Column: D-Day’s historic importance remembered as 80th anniversary approaches

Column: D-Day’s historic importance remembered as 80th anniversary approaches

From ancient times, military professionals have rightly regarded amphibious invasions as especially challenging. We recognize and honor the 80th anniversary of the greatest such operation, the Allies’ invasion of France in World War II on June 6, 1944 – D-Day.

The Normandy invasion combined thorough planning, mobilizing vast materiel and great imagination. When the enormous operation underway was announced, a U.S. newspaper highlighted a front-page drawing of invading soldiers cascading into Europe, as a terrified Hitler fled.

A year of extremely brutal, almost continuous combat lay ahead, but the end of Nazi Germany was in sight once the beaches were secured.

The leadership of Supreme Allied Commander Gen. Dwight D. Eisenhower was crucial. Ike demonstrated great executive ability in supervising the enormous planning, and brilliant interpersonal skills that welded and held together the most diverse military alliance in history.

Remarkably, he was able to establish overall unity of command. This eluded even the American military alone in the Pacific, where Army Gen. Douglas MacArthur pursued one strategic vision, while U.S. Navy admirals implemented a different approach.

Extensive bombing of transportation routes and supply depots in France was viewed by Eisenhower as crucial preparation. Such action would bring an estimated minimum of 60,000 civilian casualties, and perhaps far more. For various reasons, many American and British air commanders resisted, arguing for a more limited effort.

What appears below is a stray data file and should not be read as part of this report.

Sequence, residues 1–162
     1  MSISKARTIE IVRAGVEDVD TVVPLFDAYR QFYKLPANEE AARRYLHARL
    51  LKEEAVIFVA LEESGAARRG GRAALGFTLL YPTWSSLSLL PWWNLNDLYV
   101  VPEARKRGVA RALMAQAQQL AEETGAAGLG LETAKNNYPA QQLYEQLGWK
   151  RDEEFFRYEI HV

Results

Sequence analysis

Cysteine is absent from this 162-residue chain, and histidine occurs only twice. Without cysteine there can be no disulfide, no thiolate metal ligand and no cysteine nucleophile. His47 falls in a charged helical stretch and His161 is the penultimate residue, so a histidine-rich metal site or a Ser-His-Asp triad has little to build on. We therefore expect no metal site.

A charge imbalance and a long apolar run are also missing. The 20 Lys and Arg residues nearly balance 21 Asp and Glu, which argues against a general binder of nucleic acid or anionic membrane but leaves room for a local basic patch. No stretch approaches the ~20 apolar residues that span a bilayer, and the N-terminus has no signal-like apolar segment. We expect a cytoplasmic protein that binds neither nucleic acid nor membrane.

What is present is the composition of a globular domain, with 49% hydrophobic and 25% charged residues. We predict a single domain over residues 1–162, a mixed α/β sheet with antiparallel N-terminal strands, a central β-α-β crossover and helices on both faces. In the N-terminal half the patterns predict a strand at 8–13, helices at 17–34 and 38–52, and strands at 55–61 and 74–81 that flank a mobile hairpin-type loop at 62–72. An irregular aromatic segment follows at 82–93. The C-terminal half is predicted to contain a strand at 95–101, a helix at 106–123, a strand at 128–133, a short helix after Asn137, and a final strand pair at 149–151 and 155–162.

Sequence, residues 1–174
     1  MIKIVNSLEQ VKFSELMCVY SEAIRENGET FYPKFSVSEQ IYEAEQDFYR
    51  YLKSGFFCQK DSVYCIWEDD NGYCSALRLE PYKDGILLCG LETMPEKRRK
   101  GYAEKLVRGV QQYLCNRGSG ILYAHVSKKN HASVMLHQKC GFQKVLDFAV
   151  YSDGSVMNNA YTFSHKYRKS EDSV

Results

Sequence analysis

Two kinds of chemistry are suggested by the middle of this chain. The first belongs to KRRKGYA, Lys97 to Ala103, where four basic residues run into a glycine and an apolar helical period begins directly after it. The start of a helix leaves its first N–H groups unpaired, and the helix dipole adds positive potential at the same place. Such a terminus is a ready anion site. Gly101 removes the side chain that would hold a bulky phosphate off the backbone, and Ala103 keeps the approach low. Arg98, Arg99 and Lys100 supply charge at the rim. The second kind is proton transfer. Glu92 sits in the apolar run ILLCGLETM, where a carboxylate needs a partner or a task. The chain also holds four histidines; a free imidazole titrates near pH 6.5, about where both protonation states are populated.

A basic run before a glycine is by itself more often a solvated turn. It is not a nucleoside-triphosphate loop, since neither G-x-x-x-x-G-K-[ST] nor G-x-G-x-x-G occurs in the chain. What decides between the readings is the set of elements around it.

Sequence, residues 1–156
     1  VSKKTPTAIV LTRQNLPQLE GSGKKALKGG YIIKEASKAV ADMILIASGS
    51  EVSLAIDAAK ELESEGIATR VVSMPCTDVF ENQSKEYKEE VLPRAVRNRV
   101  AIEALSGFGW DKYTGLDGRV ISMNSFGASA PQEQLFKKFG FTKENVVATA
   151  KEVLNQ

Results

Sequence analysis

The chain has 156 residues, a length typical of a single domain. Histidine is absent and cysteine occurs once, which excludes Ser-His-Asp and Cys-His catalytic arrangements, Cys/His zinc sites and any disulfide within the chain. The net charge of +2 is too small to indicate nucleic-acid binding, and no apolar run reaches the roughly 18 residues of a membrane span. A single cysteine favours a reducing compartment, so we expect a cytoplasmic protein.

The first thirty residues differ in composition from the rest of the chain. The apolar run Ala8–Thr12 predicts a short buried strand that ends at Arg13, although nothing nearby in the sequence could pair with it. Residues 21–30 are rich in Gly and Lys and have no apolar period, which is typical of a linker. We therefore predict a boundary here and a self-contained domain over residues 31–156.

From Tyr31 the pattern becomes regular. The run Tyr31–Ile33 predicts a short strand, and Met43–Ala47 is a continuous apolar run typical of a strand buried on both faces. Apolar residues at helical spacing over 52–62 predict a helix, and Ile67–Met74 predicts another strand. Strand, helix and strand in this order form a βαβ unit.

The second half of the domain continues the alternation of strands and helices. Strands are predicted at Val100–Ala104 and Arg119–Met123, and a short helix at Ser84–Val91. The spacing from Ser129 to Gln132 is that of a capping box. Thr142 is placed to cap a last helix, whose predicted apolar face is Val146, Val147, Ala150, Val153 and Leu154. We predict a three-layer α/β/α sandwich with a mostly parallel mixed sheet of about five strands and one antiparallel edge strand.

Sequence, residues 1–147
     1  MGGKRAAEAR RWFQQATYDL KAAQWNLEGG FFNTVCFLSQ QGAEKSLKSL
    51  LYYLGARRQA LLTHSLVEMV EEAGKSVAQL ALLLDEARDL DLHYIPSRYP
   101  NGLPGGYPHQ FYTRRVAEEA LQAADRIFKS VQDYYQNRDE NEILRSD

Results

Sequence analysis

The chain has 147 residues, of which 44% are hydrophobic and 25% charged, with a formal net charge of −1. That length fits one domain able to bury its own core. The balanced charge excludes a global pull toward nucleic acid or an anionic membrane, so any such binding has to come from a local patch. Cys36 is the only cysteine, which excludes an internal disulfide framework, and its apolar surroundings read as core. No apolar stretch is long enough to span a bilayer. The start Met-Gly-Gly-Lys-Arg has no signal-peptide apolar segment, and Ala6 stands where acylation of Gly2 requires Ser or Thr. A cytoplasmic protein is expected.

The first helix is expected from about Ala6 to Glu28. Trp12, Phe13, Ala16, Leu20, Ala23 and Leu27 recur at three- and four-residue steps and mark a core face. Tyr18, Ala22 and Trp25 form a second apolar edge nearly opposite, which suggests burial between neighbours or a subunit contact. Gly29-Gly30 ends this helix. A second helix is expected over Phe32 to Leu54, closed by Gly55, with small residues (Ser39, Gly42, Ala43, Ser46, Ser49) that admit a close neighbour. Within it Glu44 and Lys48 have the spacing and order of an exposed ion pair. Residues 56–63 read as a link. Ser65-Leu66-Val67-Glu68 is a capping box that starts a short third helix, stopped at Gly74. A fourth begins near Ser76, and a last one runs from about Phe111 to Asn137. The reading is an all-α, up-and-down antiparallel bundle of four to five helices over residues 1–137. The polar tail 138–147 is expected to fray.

Eisenhower was adamant about the absolute need for extensive bombing, arguing that less would put the risky invasion in even graver danger. Free French Gen. Charles de Gaulle agreed and gave unequivocal support. Ike had managed to establish an effective working relationship with the insecure, temperamental French leader.

Simultaneously, the American commander never lost awareness of the terrible human costs of war, borne primarily by the enlisted ranks. He constantly stressed the fundamentally important role of the combat soldier, and regularly went to see troops in the field. This dimension is captured especially by classic photographs of his visit with young American paratroopers preparing to depart to initiate D-Day.

Finally, Eisenhower demonstrated brilliant imagination. During heavy fighting for Sicily in 1943, Gen. George S Patton Jr. slapped two U.S. soldiers suffering extreme combat stress. Intense controversy resulted. Nazi leaders dismissed the entire matter as propaganda. The German military executed thousands of their own men for infractions.

Ike moved Patton to England to reflect in isolation. Meanwhile, a fictitious army emerged around him. Actors were assigned roles, bogus information generated, phony buildings and vehicles constructed. On D-Day and immediately thereafter, crucial German units remained in reserve, partly because Patton’s nonexistent forces had not yet moved.

Both Eisenhower and Patton were gifted leaders, naturally complementary. The first direct combat between American and German forces occurred in early 1943 at Kasserine Pass in Tunisia. Field Marshal Erwin Rommel’s Afrika Corps devastated inexperienced, often terrified, U.S. troops and inept commanders. Approximately 2,000 American men were lost; the vast majority were captured. Many simply surrendered when faced by the Germans.

The already controversial Patton was then appointed commander. About a month thereafter, these same Americans defeated the Afrika Corps at El Guettar. Rommel observed he never saw soldiers more poorly prepared for real battle, or more able to improve rapidly, than the Americans.

Eisenhower was a gifted leader of Americans, and others as well. When he died, President Richard M. Nixon’s eulogy compared him to George Washington: “First in war, first in peace and first in the hearts of his countrymen.”

Time brings clarity, including regarding leaders.

Arthur I. Cyr is author of “After the Cold War” (Palgrave Macmillan and NYU Press).